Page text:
* Any views expressed in this opinion piece are those of the author and not of Thomson Reuters Foundation.
Anger drives me to fight for lesbian, bisexual and queer visibility in Kazakhstan
Zhanar Sekerbayeva, 36, is an LGBT+ activist and founder of Kazakhstan women’s rights group “Feminita”
My government makes me angry. The police force makes me angry. Homophobia makes me angry. Luckily, anger is what motivates me.
I didn’t wake up and just decide to become an activist. I was inspired by an older woman protesting about the devaluation of the Tenge, the Kazakh currency. She was standing alone outside a bank. She told people how its fall in value could affect people’s pensions and everyday lives, so my friend and I, Gulzada Serzhan, went to join her in the square.
A lot of people joined us, but the police came and arrested everyone, including elderly people. They were rude and aggressive, grabbing and dragging us to the floor. I started recording what was happening and the video went viral on social media. The authorities thought I was one of the protest leaders and my photograph appeared across online media the next day.
Readers and social media commentators who saw the news couldn’t tell if I was a man or a woman, so it was a key moment for making lesbian, bisexual and queer (LBQ) people visible.
That experience didn’t stop me from speaking out or peacefully protesting. Last year, I was arrested again for speaking out against the stigma around menstruation.
I joined the women’s rights group “FemPoint” in Almaty, Kazakhstan, to participate in a photo shoot. We took hand-drawn posters with slogans and pictures, as well as pads with red paint. Seven days after the demonstration, I went to a café to meet another feminist activist. When I came out seven police officers were waiting for me. They ordered me to go to the station and said if I didn’t, they’d use physical force.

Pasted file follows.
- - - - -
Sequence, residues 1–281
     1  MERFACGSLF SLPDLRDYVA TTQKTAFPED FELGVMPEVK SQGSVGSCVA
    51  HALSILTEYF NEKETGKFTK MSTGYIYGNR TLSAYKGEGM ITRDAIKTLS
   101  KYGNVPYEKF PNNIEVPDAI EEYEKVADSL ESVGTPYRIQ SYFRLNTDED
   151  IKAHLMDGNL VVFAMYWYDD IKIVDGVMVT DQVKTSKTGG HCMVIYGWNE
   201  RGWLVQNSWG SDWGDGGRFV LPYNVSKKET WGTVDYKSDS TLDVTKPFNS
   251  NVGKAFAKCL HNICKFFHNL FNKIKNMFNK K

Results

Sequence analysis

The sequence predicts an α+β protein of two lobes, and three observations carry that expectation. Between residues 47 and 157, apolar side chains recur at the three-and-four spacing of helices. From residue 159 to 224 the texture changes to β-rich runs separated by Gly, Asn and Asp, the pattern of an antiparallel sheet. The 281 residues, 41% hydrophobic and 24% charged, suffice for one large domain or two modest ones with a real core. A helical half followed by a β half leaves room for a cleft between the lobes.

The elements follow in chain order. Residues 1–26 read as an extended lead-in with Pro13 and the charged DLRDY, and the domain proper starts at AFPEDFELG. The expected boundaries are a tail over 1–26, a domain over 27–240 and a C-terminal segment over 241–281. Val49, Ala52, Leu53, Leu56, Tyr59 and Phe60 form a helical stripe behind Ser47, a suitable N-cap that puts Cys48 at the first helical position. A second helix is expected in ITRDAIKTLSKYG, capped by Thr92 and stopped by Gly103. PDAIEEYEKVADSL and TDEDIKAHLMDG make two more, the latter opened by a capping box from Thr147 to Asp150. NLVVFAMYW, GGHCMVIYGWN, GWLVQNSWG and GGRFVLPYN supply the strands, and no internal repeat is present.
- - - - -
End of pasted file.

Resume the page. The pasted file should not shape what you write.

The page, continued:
For holding those pictures, I was charged and convicted of petty hooliganism by the authorities and made to pay a fine, but support from organisations such as Amnesty International made me feel much less alone.
As a lesbian, I knew I wanted to represent LBQ women. I wanted to protect my people, so Gulzada and I set up the Kazakhstan Feminist Initiative “Feminita”. We mainly focus on advocacy and strategic litigation. In our society, LBQ women are shy and stigmatised, so it’s important we address their needs through education and shared experiences.
It’s been a learning curve and since starting “Feminita”, friends have expressed reluctance to meet me. I’ve also faced challenges from strangers – men think it’s OK to send pornographic pictures and make comments on my looks.
But anger keeps me going. When I talk about a topic that angers me I can’t stop. Anger is my sister.
Anger has served me well and we’re making an impact every day. Just recently, we challenged a bylaw that included a derogatory paragraph about LGBT+ culture. We wrote letters and worked with embassies and our allies around the world. Eventually the law was passed without the bylaw.
We’ve also been conducting needs assessments of LBQ people. Through our research, we’re proving there are lesbians, bisexual and queer people in our society. We’ve discovered women need friendly allies, including lawyers and medical specialists. They want to be able to go to resource centres and they need access to human rights organisations.
My colleagues and I have been trying to register “Feminita” as a legal entity since 2017, but our application has been rejected numerous times. They always find a reason to tell us we’re not ready or that we are in violation of something. How can educated, courageous LGBT+ activists be violating laws of the country? On the contrary, we promote the protection of human rights. Whether or not the government wants it, the rights of lesbians, bisexual, trans and queer women are part of that.
We don’t want Feminita to just be a grassroots organisation – we want to create a think-tank that conducts its own research. It is solidarity that has helped us come this far and fights can only be won when we work together, so we will continue.